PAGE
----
Out of interest - how did everyone score in the spec paper? I got 80/100 ish just now..
    i did crap and got 73
    on the jan 11 i got 94
    on the june 10 i got 91
    and jan 10 i never did in one whole go
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    (Original post by alicetalbot)
    I am learning BIO5 and CHM5 in a week, impossible, but I'm trying!
    the same, hopeful it will work out coz it makes you go crazy esp synoptic in bio
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    (Original post by Sheldon)
    i did crap and got 73
    on the jan 11 i got 94
    on the june 10 i got 91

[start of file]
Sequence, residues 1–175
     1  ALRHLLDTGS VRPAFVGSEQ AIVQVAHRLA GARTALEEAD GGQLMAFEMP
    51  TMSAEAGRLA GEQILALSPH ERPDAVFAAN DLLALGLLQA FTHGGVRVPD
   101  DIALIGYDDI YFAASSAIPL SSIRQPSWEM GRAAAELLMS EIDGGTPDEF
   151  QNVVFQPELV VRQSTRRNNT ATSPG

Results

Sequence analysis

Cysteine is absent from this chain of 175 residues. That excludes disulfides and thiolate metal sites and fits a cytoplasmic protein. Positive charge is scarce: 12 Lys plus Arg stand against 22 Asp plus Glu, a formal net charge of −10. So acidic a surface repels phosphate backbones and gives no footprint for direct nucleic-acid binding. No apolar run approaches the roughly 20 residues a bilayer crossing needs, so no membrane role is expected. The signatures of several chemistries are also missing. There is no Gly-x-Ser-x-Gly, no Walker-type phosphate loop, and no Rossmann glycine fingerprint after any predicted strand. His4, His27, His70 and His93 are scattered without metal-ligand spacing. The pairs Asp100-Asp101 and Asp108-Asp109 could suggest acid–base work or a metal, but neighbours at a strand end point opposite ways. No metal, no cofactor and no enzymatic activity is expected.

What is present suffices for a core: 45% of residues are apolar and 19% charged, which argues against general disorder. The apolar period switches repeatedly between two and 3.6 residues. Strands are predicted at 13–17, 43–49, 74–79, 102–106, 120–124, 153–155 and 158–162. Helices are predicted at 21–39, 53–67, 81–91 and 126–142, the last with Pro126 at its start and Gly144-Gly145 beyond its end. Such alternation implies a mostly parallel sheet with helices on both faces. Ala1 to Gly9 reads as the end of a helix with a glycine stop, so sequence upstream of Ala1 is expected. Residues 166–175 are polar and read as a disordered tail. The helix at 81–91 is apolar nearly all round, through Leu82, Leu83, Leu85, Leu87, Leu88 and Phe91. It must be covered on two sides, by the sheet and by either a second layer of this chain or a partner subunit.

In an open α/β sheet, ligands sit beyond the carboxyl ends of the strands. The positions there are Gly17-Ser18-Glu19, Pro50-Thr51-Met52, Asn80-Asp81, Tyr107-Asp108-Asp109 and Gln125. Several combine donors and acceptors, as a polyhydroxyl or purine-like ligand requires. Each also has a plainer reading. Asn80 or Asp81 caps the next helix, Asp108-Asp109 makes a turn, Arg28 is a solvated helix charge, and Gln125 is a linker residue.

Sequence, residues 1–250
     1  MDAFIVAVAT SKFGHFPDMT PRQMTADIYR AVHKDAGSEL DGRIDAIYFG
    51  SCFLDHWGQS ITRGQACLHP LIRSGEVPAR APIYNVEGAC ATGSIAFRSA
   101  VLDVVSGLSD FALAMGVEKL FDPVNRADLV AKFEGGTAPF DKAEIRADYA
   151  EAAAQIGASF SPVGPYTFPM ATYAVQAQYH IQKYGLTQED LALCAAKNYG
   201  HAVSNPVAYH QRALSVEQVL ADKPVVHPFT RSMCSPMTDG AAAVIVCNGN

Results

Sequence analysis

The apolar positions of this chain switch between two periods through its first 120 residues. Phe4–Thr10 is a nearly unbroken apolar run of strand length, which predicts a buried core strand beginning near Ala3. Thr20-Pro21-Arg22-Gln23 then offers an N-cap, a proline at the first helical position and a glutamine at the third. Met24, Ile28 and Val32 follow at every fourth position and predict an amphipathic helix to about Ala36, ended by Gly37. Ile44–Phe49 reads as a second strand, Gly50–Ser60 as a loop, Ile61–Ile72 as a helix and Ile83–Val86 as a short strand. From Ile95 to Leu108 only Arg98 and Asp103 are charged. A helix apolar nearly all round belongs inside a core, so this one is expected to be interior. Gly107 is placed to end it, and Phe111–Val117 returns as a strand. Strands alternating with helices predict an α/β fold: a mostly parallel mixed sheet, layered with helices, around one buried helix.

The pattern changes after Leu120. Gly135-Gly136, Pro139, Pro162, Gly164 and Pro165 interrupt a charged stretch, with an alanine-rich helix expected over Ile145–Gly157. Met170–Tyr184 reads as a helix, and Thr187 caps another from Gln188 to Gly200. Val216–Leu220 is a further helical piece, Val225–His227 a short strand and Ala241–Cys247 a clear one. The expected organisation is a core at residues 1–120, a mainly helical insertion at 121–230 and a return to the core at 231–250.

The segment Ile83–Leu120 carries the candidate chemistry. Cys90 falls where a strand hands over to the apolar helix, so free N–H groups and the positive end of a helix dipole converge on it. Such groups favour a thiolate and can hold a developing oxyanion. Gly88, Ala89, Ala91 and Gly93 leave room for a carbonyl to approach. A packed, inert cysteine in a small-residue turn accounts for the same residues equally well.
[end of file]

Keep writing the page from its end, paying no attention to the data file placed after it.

and jan 10 i never did in one whole go
    a* thats cool, how many past papers have you done.
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    hey guys is it possible for me to get an A star in chemistry
    i got 104 UMS in chem 4
    assuming i got an A in my EMPA ?
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    (Original post by al_habib)
    a* thats cool, how many past papers have you done.
    Not that many really a few old style ones, but tehy are cluttered with unit 4 and 2 questions in them
    Just been going over notes.
    If any one wants anything explained please ask it would help me as well
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    Hey just wandering why isn't EDTA poisonous? It is used as an antidote to metal poisoning. But i don't understand why it wouldn't substitute the nitrogens and oxygen in haemoglobin as they are unidentate ligands, so substituting for EDTA (a multidentate) would have an increase in entropy??